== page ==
People do not like having their faces recorded and stored in a database for unknown future use. It causes a paranoia that is fueled by the media, television shows and general popular conspiracy theory reckoning.
Whether we like it or not, AI will continue to be developed and perhaps someday our use of it all may resemble the television show “Person of Interest” (2011-2016), but right now, the use of facial recognition is a pretty volatile topic despite still being under development.
Privacy is such a big issue that some cities, including San Francisco, California and Cambridge, Massachusetts, have banned law enforcment's use of real-time facial recognition surveillance. In these cases, police can use video recordings from personally owned security video devices, but they can’t use live facial recognition software.
Being recorded and scanned by facial recognition technology can make people feel like they’re always being watched and judged for their behavior. Plus, police can use facial recognition to run everyone in their database through a virtual criminal lineup, which understandably can make you feel like you are being treated as a criminal suspect without probably cause.
It doesn’t help matters that facial recognition became famous because countries with limited personal freedoms, such as China, UAE, North Korea, Iran and Iraq, commonly use facial recognition to spy on citizens and arrest those deemed troublemakers. It certainly can be an instrument of control if used in this manner.
Lately, my concerns about facial recognition stem from recent hacking events. While I personally do not have issues with most uses of facial recognition for homeland security, emergency management or law enforcement use, I am concerned as to the vulnerability of the information and where it is stored as there seems to not be safe method of storing data, especially large amounts.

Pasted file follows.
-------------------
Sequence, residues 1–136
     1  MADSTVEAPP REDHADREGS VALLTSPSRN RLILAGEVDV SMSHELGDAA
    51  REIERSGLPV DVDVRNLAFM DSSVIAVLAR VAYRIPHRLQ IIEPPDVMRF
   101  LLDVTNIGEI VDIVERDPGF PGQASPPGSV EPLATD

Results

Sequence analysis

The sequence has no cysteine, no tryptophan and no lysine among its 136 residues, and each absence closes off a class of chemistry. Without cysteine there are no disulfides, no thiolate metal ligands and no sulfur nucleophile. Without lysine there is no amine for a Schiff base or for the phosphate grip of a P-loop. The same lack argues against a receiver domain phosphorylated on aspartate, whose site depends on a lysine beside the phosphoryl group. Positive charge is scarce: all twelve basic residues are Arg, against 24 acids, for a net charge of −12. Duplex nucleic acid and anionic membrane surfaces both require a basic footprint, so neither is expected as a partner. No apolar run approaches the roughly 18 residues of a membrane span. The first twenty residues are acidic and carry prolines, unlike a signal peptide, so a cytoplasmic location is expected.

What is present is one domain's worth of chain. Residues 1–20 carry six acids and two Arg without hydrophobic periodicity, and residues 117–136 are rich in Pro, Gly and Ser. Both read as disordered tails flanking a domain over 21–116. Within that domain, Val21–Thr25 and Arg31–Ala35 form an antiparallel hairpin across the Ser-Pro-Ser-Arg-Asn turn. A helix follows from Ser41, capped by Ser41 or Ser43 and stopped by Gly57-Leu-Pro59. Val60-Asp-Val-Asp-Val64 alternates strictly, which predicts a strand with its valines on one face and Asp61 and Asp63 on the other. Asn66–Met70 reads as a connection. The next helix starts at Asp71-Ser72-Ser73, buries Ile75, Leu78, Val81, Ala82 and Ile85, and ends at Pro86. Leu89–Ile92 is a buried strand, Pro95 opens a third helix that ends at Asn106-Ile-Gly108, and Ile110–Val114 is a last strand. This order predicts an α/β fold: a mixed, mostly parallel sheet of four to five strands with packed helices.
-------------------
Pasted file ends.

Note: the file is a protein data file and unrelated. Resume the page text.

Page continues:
The real concern should not be whether or not law enforcement has the right to monitor our activities such as at border crossings, during riots or at the airport, but rather who else has this technology and why is it legal for non-law enforcement to use it? Crimes perpetrated via cyber means move much faster than normal crimes and the widespread use of ungoverned AI like facial recognition has already opened the doors for stalkers, cyber stalkers, identity thiefs and traffickers.
Let’s go back to my last statement. Riots. Airports. Borders.
With current breaches in our homeland security with the physical influx of thousands from hundreds of countries, we have become more vulnerable to an inner attack than ever before. While we have data bases of terrorists and radicals, those lists do us very little without the ability to use facial recognition as often as possible. With proper oversight and regulation, this technology could very well be the only defense we have against an attack within our own boundaries.
We do not have a perfect system, and there will always be the misuse or abuse of things like facial recognition and drones, but is this not the same as rifles and handguns? It all depends on whose hands they are in, how we regulate who had access and how they are used.
While there is a large group out there that would argue every point I am making, take a quick look at their mouthpieces and leaders who tout complete gun control while being protected by armed service members, speak at rallies and conventions where facial recognition is used at every entrance and where every event they attend is protected overhead by drone surveillance.
Call it all a necessary evil, but don’t throw the baby out with the bathwater before you think it through. I have no idea who that is standing next to my family at the fireworks nor if they came to the park alone, but they just walked away from their backpack…